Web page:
The Finance Tech Stack: Opportunities for Innovation (Part II)

Medha Agarwal
5 min readOct 13, 2020


By: Medha Agarwal and Urvashi Barooah

We believe there is an opportunity to optimize every layer of the CFO tech stack in response to the pain points we covered in our initial post. As we alluded to there, some of this optimization is already underway: The space has seen a lot of innovation in the past few years, mostly driven by finance practitioners and operators who are frustrated by the status quo.

Below we have created a map of both established and emerging companies looking to innovate various aspects of the tech stack. Note that some of the companies highlighted play in multiple lanes, but we have categorized them according to their core products.

Based on our conversations with CFOs, we have broken down the finance tech stack to align with how finance teams tend to think about the workflows and systems:

  • ERP/Accounting: The ERP/general ledger is the backbone of the CFO’s tech stack, connecting financial information across business processes and accounting sub ledgers.
  • Payroll: Software used to manage employee information, payroll and benefits. This may be integrated with the HRIS, or separate. The system may be owned by HR, but Finance will interact heavily with it as personnel expenses are a large part of a company’s overall spend.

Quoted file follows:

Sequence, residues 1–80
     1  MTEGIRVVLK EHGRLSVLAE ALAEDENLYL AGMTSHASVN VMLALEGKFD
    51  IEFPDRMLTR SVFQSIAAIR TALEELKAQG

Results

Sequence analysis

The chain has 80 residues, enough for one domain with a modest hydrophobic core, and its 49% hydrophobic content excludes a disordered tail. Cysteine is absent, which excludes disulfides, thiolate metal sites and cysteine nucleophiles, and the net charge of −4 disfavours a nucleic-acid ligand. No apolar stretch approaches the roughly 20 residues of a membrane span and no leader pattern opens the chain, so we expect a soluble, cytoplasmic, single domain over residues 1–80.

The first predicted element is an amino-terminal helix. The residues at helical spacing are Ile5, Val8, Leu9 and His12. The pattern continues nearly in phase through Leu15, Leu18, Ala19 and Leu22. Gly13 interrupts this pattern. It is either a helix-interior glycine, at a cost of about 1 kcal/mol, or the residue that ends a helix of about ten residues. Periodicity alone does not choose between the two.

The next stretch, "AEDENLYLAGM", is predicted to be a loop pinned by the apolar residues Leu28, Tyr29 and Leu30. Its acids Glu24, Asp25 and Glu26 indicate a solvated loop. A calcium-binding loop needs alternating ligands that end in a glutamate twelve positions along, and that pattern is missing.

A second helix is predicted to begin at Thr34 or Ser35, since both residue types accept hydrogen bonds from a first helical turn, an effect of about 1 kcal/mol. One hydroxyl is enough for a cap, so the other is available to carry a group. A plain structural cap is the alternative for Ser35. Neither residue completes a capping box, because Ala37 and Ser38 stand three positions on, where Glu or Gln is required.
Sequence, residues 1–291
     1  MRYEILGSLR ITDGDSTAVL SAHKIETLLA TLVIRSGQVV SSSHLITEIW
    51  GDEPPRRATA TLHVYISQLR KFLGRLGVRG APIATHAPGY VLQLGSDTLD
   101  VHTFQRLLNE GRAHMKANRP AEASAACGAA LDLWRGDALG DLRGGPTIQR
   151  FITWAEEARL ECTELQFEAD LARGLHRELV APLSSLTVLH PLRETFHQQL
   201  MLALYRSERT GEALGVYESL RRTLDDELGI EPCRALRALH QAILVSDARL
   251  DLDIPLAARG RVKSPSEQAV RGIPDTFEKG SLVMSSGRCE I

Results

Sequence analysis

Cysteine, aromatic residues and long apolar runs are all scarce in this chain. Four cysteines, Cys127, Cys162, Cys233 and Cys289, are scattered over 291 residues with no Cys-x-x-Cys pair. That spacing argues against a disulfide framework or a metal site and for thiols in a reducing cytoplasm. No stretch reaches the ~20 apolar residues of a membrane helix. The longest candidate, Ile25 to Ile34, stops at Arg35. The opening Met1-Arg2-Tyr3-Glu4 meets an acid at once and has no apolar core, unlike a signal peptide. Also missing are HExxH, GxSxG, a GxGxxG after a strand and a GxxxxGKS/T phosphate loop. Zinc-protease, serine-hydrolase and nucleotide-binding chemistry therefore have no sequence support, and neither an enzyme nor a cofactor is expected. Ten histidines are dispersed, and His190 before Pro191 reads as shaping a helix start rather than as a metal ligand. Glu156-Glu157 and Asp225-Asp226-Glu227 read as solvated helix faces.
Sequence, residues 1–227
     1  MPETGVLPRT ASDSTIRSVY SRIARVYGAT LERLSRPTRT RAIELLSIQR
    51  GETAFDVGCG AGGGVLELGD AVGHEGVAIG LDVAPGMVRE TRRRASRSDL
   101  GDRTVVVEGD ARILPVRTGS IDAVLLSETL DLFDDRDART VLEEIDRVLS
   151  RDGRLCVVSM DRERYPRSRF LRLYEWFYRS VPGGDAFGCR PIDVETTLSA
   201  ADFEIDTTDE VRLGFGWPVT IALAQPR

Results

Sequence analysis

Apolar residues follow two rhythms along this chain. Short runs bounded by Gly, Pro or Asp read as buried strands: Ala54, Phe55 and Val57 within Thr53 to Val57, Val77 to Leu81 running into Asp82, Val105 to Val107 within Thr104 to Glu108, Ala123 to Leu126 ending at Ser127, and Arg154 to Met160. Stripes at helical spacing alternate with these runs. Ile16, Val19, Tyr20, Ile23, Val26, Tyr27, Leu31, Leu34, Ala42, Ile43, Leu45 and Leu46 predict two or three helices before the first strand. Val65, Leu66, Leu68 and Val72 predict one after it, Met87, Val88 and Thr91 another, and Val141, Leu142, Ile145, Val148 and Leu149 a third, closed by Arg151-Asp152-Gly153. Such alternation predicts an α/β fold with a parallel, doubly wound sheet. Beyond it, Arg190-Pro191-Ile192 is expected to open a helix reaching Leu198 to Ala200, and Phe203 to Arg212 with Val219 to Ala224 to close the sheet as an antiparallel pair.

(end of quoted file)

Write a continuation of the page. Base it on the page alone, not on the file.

• FP&A: Software used to track business KPIs, and make decisions around budgeting and forecasting.
  • Spend management: Software used to manage vendor spend and employee expenses.
  • AP/AR reconciliation: Software to manage complex AP/AR workflows and reconcile large volumes of invoices.
  • Bookkeeping/Financial Close: Software that helps companies close the books every month. Includes workflow/task management tools, reconciliation and reporting.
  • Equity management: Software that helps companies manage their cap table and investor relations.

Despite feeling like there is a better way to do things (and often being inundated with outreach from companies developing solutions), most of the CFOs we spoke to were wary of experimenting with new tools without good references from peers. The unfortunate reality is that finance teams tend to have very little time to implement new tools because they are always chasing a deadline — whether it is the next close cycle or assisting leadership on key business decisions. Understandably, they tend to be risk averse and reluctant to spend on anything that is a “nice to have.” So as we alluded to in our previous post, finding the right wedge is key for startups hoping to break into this space. Below are some examples of areas where we think the need is pressing enough to break through the noise.

  1. Better financial planning & analysis: The majority of planning and analysis takes place in Excel and Google Sheets today. Even companies using advanced tools like Anaplan or Adaptive Insights will default to Excel for certain parts of the process. While Excel is beloved by finance teams for its flexibility, it has significant shortcomings around collaboration, real-time updates, and versioning. We see an opportunity for companies to build automated workflows on top of Excel or create end-to-end solutions that obviate (or drastically reduce) the need for Excel altogether. We also believe data analytics using advanced tools like SQL and Python will become an increasingly core skillset for FP&A teams. The worlds of FP&A, BI, and data science are colliding — especially in consumer businesses. We are bullish on software that anticipates this shift and helps non-data oriented FP&A folks make the transition more easily.